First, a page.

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for the execution of which I must first, and above all things, beg
your majesty's pardon."

"You are your master's servant, and it is your duty to obey him,"
said the emperor, dryly. "Say, therefore, what he ordered you to
tell me."

"Well, then, as your majesty has granted me permission, I will say
that my master, the Emperor of the French, has taken deep umbrage at
the hostile course which Austria has of late pursued toward him."

"And what is it that your emperor complains of?" asked the emperor,
with perfect composure.

"In the first place, the Emperor Napoleon has taken deep umbrage at
Austria's still hesitating to recognize King Joseph as King of
Spain, and to send a minister plenipotentiary to his court."

"I did not know where to send my ambassador, and where he would find
M. Joseph Bonaparte, King of Spain, for the time being - whether at
Madrid or at Saragossa; in the camp, on the field of battle, or in
flight. Hence I did not send an ambassador to his court. So soon as
the Spanish nation is able to inform me where I may look for the
king it has elected and recognized, I shall immediately dispatch a
minister plenipotentiary to this court. State that to your monarch."

"Next, his majesty the Emperor Napoleon complains bitterly that
Austria, instead of being intent on maintaining friendly relations
with France, has left nothing undone to reconcile the enemies of
France who were at war with each other, and to restore peace between
them; and that Austria, by her incessant efforts, has really
succeeded now in bringing about a treaty of peace between Turkey and
England. Now, my master the emperor must look upon this as a hostile
act on the part of Austria, against France; for to reconcile England
with Turkey is equivalent to setting France at variance with Turkey,
or at least neutralizing entirely her influence over the Sublime
Porte."

"Turkey is my immediate neighbor, and it is highly important to
Austria that there should be no war-troubles and disturbances on all
her frontiers. Every independent state should be at liberty to
pursue its own policy; and while this policy does not assume a
hostile attitude toward other independent states, no one can take
umbrage at it. Are you through with your grievances?"

"No, your majesty," said Andreossi, almost mournfully. "The worst
and most unpleasant part remains to be told; but, as your majesty
was gracious enough to say, I must obey the orders of my master, and
it is his will that I shall now communicate to your majesty the
emperor's views in his own words. It has given great offence to the
Emperor Napoleon that Austria should place herself in a posture of
open hostility against France, when France has given her so many
proofs of her forbearance, and has hitherto always spared Austria,
notwithstanding the numerous acts of duplicity and evident hostility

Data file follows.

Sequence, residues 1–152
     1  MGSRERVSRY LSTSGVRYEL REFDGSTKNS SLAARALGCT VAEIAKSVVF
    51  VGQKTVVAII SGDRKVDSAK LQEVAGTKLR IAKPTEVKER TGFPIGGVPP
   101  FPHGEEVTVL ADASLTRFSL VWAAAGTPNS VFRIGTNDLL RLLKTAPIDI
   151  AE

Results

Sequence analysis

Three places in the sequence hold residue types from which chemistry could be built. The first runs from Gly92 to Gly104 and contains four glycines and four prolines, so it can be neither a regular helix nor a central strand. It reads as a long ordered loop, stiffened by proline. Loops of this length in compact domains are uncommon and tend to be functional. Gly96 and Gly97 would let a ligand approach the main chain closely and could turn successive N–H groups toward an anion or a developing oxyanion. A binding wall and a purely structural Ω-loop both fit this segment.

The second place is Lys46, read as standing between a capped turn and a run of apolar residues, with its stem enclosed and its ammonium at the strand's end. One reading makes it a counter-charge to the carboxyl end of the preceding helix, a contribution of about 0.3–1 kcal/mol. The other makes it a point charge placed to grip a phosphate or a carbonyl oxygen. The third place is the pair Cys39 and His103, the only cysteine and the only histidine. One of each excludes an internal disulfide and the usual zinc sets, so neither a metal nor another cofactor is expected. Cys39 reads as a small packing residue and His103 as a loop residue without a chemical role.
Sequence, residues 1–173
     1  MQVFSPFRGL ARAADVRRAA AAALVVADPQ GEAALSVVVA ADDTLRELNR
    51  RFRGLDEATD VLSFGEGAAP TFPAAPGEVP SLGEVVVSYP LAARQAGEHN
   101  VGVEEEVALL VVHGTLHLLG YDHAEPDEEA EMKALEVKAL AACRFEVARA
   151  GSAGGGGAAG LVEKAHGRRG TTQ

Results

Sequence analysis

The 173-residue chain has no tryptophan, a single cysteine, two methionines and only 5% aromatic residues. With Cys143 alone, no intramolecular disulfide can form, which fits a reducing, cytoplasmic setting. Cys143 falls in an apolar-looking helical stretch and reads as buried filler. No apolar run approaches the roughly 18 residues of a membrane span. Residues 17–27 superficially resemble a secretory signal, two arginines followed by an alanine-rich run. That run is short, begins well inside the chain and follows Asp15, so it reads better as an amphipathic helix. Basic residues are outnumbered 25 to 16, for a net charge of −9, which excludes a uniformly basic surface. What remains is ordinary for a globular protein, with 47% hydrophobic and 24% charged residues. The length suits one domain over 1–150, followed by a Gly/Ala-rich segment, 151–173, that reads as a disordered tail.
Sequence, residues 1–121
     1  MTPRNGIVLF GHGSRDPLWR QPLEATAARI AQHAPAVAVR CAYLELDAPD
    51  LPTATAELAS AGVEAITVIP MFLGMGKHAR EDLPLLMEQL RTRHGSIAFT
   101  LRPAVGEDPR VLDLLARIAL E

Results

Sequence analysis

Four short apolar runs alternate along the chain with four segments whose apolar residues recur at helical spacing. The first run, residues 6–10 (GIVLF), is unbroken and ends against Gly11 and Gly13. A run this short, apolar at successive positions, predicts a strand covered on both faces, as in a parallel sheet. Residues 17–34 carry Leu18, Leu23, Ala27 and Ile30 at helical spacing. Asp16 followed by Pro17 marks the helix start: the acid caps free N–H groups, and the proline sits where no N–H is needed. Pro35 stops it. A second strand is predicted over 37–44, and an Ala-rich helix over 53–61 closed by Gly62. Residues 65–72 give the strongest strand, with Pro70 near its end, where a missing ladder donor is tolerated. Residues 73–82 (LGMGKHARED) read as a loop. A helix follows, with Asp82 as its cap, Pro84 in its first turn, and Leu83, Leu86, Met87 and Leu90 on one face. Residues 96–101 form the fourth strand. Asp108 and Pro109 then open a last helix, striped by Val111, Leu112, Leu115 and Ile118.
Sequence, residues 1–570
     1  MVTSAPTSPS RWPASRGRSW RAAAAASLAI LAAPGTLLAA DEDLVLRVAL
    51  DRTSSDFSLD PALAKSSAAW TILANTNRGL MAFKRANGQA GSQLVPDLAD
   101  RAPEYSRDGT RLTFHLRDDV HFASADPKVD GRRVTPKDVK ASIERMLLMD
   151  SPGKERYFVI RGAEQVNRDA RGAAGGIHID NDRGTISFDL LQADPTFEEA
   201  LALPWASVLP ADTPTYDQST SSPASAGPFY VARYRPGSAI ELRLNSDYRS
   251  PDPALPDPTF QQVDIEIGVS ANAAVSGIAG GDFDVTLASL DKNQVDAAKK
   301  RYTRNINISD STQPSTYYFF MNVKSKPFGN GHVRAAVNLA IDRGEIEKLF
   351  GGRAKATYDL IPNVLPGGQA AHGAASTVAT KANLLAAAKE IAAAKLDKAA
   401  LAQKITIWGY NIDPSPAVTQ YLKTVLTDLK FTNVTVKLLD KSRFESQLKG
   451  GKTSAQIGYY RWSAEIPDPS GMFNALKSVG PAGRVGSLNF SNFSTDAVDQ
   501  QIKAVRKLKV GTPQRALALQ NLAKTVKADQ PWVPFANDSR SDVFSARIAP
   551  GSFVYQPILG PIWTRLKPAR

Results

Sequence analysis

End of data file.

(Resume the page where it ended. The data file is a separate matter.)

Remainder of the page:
of the Austrian court. The Emperor Napoleon informs your majesty
that he is well aware of the ambitious schemes of Austria, but that
lie thinks your majesty is not strong enough to carry them into
effect. He requests your majesty never to forget the magnanimity
which the Emperor Napoleon manifested toward you after the battle of
Austerlitz. The Emperor Napoleon has instructed me to remind you of
the fact, well known to you, that you can confide in his generosity,
and that he is firmly resolved to observe the treaties. Naples,
Prussia, and Spain, would stand erect, yet, if their rulers had
relied on their own sagacity, and not listened to the fatal advice
of their ministers, or even of courtiers, women, and ambitious young
princes. His majesty beseeches the Emperor of Austria not to listen
to such insidious advice, nor to yield to the wishes of the war-
party, which is intent only on gratifying its passionate ambition,
and whose eyes refuse to see that it is driving Austria toward the
brink of an abyss where she must perish, as did Prussia, Naples, and
Spain." [Footnote: Hormayr, "Allgemeine Geschichte," vol. iii., p.
205.]

"It is very kind in his majesty the Emperor Napoleon to give me such
friendly advice," sail the Emperor Francis, smiling. "But I beg his
majesty to believe that, in accordance with his wishes, I rely only
on my own individual sagacity; that I am influenced by no party, no
person, but am accustomed to direct myself the affairs of my country
and the administration of my empire, and not to listen to any
insinuations, from whatever quarter they may come. I request you to
repeat these words to his majesty the Emperor Napoleon with the same
accuracy with which you communicated his message to me. And now,
Count Andreossi, I believe you have communicated to me all that your
master instructed you to say to me."

"Pardon me, your majesty, I am instructed last to demand in the
emperor's name an explanation as to the meaning of the formidable
armaments of Austria, the organization of the militia, and the